|Q241 : Are the Four Horsemen of the Apocalypse Fallen Angels?|
Is there a symbolic relationship between the 'Faces' of the 'Four Faced Beasts' as well as the directional Four Faced Beasts of Ezekiel 1:10 (North, South, East, West), and the apocalyptic 'Four Seals' they reveal?
Are these 'Fallen Angels' sent on specific missions to specific regions (north, south, east, west) of the world similar to those seen by Zechariah?
- Lion Faced - White Horse Rider - Conqueror - East
- Ox Faced - Red Horse - War/Civil Strife - West
- Man Faced - Black Horse - Famine - South
- Eagle Faced - Pale Green Horse - Death - North
|A241 : by Tony Garland |
As I mention in my Revelation Commentarya when discussing the significance of the Four Gospelsb, I believe a case can be made for correlating the four faces with the four directions of the compass based on inferences concerning the divinely established arrangement of the Camp of Israel around the Tabernacle (Num. 2). Thus, I would correlate the faces and directions much as you suggest above.
In addition, there is clear Biblical precedent for understanding the number four as often designating Global Extent, the Entire World, the Earthc.
However, I would make one point of clarification: unlike the four-faced beasts of Ezekiel 1:10, the four living creatures (ζῷα [zōa]) of Revelation 4:7 do not have four faces. Instead, each of the four has a different face—matching one of the four faces on each of the beasts Ezekiel saw.
If one prefers the reading of the NUd text, which reads come, over that of the Majority Texte (and Textus Receptusf), which read come and see (Rev. 6:1,3,5,7) then it may be that each horseman is called forth by one of the four living creatures of Revelation 4-6, resulting in the associations you suggest. Such a conclusion seems defensible based on details from the Biblical text.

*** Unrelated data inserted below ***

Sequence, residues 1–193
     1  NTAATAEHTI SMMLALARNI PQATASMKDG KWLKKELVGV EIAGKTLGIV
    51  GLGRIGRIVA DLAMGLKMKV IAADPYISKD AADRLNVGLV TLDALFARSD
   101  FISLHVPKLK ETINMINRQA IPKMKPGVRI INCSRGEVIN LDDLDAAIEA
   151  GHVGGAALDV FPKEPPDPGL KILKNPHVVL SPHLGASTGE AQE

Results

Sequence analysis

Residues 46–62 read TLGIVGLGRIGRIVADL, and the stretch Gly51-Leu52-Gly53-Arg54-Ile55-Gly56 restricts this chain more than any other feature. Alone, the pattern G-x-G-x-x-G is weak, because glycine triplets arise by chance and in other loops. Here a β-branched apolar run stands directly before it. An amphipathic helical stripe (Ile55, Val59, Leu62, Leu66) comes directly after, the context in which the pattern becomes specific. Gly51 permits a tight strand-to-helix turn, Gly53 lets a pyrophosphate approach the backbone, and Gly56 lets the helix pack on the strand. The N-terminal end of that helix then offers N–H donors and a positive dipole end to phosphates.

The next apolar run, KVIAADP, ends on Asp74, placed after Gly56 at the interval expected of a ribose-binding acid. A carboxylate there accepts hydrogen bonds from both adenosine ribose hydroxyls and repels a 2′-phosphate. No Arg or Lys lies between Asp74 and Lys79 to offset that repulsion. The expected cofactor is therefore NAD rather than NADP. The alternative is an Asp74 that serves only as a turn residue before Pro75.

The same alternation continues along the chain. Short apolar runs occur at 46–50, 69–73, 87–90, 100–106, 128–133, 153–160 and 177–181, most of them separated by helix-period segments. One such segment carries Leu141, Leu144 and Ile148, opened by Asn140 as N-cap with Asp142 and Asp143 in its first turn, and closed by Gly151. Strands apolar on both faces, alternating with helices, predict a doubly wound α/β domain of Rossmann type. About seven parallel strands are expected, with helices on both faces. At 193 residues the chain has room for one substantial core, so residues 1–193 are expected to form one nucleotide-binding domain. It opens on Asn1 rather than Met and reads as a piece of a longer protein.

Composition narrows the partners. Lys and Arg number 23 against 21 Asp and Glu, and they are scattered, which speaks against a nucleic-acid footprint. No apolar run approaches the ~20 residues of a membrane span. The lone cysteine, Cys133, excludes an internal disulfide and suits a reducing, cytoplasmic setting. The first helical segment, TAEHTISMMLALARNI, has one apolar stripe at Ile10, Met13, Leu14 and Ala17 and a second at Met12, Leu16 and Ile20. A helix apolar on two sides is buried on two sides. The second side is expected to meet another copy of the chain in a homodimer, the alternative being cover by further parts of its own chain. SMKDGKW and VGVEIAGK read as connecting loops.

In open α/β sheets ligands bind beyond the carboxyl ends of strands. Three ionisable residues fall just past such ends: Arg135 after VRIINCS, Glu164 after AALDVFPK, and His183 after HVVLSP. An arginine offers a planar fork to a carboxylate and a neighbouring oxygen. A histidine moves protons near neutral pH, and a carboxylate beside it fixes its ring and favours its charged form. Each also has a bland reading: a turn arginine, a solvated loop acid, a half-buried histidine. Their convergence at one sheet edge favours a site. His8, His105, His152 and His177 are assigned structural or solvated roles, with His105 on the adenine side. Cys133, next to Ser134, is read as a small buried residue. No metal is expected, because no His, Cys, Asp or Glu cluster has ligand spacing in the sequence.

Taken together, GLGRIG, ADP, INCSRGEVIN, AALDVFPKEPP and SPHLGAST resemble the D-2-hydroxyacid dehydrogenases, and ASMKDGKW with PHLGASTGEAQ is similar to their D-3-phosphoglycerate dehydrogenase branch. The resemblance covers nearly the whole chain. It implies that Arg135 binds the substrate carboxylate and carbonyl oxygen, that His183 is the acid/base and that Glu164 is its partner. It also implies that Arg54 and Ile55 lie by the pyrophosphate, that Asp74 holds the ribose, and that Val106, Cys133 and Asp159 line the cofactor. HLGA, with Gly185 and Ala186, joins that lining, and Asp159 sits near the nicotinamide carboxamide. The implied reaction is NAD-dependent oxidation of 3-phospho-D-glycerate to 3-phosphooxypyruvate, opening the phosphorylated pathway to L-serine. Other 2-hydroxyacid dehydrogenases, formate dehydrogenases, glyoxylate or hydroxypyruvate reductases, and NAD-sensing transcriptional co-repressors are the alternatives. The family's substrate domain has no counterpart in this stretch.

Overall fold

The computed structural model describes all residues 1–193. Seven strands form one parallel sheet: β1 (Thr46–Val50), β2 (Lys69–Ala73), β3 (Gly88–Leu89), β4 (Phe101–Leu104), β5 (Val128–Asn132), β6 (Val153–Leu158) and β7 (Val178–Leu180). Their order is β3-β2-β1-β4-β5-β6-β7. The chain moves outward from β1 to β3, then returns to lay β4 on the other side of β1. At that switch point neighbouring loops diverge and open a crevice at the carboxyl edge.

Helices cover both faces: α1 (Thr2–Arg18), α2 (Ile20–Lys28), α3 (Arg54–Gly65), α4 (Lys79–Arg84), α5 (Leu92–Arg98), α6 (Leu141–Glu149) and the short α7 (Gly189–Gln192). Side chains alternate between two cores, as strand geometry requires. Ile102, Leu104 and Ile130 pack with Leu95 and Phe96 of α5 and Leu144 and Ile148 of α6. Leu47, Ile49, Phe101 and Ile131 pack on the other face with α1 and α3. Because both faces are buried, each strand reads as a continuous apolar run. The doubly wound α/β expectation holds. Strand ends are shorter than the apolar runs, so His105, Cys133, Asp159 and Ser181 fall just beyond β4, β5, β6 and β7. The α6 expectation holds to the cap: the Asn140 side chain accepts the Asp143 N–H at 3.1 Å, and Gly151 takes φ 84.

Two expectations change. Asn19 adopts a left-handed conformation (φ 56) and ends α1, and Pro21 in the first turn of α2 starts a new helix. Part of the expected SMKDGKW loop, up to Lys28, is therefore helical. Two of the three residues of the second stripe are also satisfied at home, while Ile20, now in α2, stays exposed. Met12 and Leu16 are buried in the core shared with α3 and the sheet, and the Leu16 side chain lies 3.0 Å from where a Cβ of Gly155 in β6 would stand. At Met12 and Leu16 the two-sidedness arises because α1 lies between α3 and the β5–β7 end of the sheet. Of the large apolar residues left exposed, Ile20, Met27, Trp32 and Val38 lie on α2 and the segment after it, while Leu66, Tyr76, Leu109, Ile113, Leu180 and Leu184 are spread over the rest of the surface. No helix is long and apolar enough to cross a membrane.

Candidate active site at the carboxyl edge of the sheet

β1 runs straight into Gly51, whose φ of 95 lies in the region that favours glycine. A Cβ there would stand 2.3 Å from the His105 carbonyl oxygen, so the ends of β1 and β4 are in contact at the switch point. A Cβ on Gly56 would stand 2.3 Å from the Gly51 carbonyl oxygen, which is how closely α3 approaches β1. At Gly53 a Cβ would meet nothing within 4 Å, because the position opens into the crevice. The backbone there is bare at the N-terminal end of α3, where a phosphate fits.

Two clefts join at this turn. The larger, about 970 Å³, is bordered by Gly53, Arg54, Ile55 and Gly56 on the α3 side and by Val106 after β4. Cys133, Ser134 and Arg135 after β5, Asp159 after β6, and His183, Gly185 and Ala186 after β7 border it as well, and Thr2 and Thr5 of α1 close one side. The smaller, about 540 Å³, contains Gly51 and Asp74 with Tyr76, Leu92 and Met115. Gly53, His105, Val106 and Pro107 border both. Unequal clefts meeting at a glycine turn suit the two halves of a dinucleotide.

That being said, I don't see any Scriptural justification for taking the four horsemen riding forth in Revelation 6 as fallen angels or as sent to specific regions. Instead, the horsemen appear to be personifications of the judgments proceeding forth from their respective rides. Moreover, it appears that each of the horsemen have a global sphere of influence. For example, many understand the first rider (white horse) to represent the Antichrist, whom Scripture reveals as having a global empire (Dan. 7:23; Rev. 13:7). The second rider takes peace from the [entire] earth. When the text states that the fourth rider was given power over a fourth of the earth this does not seem to limit his influence over a geographic region, but indicate his destructive power is such that 1/4 of the population of the entire earth perishes. Here, it seems best to understand the four of the four horsemen in line with the use of four elsewhere in Scripture: as denoting global influence—the four major directions of the compass (corners of the earth as in Isa. 11:12; Eze. 7:2; Rev. 7:1; 20:8).
As I mention in my discussion of Zechariah's Horsesg, the directions the horse-drawn chariots seen by Zechariah ride forth do not appear to correlate with the four directions of the compass.
In conclusion: 1) there is Scriptural evidence (if we follow the NU text in Revelation 6) for the associations you suggest; 2) I do not believe Scripture to indicate or imply that the four horsemen of the Apocalypse are fallen angels; 3) the effects and ride of the four horsemen of the Apocalypse appear to be global; 4) although there are similarities between the four horses seen by John in Revelation 6 and the horses of Zechariah's visions, there are also significant differences.
- The chariot drawn by black horses rides north (Zec. 6:6).
- The chariot drawn by white horses also rides north (Zec. 6:6).
- The chariot drawn by the dappled horses rides south (Zec. 6:6).
- The destination of the chariot drawn by red horses is not explicitly given, but appears to be global (Zec. 6:7).